Ralph Northam: Virginians split on calls for governor to resign after blackface scandal, poll finds

Scott Clement, Peter Jamison

Virginians are deadlocked over whether Governor Ralph Northam should step down after the emergence of a racist photo from the Democrat’s 1984 medical school yearbook, according to a Washington Post-Schar School poll.

Following the release of the image last week, which shows a man in blackface next to another in a Ku Klux Klan outfit, there have been demands for Mr Northam to resign.

But the poll, conducted from Wednesday-Friday, finds residents split over Mr Northam's fate, with 47 per cent wanting him to step down and 47 per cent saying he should stay on.

Mr Northam counts higher support among black residents – who say he should remain in office by a margin of 58 per cent to 37 per cent – than among whites, who are more evenly divided.

On the scandals buffeting the state's other top elected officials, the poll finds that about a third of Virginians think Attorney General Mark Herring should resign after he admitted wearing blackface at a party when he was an undergraduate at the University of Virginia. A 60 per cent majority say he should stay in office.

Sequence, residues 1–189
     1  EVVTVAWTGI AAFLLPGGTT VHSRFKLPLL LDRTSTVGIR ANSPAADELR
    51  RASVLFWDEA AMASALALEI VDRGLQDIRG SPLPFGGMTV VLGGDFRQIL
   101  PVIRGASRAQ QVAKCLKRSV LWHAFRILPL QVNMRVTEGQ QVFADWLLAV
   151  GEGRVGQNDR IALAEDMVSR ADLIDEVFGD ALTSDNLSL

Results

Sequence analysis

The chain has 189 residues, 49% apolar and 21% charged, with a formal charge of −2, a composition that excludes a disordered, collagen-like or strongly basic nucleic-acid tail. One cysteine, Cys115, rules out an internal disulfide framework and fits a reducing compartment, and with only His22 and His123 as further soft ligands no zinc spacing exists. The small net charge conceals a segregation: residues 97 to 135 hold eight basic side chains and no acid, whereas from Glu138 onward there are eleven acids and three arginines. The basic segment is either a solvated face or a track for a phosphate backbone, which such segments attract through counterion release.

Most remain undecided about a woman's allegation that Lieutenant Governor Justin Fairfax sexually assaulted her in 2004, with 65 per cent saying they didn't know enough to judge Mr Fairfax's denial of the accusation.

Respondents were not asked about a second sexual assault accusation against Mr Fairfax by a Maryland woman on Friday, after the poll began.

The Post-Schar poll also finds that 11 per cent of residents have either worn blackface or personally know someone who has.